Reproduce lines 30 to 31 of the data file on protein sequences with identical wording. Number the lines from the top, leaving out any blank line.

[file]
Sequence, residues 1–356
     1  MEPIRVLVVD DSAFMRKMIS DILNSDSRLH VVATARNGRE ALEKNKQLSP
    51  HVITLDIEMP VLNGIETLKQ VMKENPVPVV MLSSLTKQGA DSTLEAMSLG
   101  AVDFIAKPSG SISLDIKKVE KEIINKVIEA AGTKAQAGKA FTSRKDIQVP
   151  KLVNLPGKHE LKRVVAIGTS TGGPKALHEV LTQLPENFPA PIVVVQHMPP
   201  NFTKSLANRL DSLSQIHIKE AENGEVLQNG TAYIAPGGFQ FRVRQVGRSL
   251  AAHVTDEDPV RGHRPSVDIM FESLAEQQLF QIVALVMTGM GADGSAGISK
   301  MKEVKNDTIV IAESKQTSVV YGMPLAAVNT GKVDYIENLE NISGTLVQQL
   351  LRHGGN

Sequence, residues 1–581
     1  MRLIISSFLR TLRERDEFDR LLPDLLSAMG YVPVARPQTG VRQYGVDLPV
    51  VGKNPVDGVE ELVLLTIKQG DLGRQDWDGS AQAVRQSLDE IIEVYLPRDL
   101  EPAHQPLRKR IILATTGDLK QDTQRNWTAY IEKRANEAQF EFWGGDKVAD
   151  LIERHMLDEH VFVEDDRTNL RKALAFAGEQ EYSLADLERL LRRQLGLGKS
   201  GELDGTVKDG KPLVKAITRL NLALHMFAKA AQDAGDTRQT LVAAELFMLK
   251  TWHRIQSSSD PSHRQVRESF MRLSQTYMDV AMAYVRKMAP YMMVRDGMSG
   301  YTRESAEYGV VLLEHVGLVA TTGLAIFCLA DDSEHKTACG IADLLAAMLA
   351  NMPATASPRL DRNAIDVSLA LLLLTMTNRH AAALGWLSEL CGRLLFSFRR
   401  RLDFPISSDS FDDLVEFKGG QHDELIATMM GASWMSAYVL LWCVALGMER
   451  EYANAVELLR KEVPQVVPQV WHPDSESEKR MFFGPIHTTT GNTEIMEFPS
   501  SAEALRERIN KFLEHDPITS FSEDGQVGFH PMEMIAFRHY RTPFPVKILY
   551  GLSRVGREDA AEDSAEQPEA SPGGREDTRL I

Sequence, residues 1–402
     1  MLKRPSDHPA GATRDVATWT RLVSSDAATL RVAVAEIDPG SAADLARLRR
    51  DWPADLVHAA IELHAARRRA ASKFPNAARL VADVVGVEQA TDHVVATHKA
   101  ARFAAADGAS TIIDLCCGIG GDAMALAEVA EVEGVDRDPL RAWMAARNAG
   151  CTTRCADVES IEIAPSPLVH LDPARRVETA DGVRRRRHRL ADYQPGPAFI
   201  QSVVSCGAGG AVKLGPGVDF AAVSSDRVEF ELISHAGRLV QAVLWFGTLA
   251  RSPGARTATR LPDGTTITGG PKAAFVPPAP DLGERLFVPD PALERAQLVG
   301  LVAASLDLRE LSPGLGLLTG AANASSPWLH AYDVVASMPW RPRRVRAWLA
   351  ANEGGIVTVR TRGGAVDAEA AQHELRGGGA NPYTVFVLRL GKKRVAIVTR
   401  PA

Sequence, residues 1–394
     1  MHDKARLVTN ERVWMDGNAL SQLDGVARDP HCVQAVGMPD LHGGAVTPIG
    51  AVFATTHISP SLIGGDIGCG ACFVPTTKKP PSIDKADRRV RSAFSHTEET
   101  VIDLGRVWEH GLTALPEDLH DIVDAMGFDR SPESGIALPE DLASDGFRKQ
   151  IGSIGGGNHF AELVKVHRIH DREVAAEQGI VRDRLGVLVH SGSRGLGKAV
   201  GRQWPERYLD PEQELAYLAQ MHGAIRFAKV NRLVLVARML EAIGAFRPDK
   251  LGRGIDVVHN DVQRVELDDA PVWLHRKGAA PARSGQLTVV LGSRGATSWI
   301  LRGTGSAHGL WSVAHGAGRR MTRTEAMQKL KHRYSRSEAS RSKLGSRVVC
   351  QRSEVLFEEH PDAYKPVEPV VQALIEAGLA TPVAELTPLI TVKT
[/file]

   301  LVAASLDLRE LSPGLGLLTG AANASSPWLH AYDVVASMPW RPRRVRAWLA
   351  ANEGGIVTVR TRGGAVDAEA AQHELRGGGA NPYTVFVLRL GKKRVAIVTR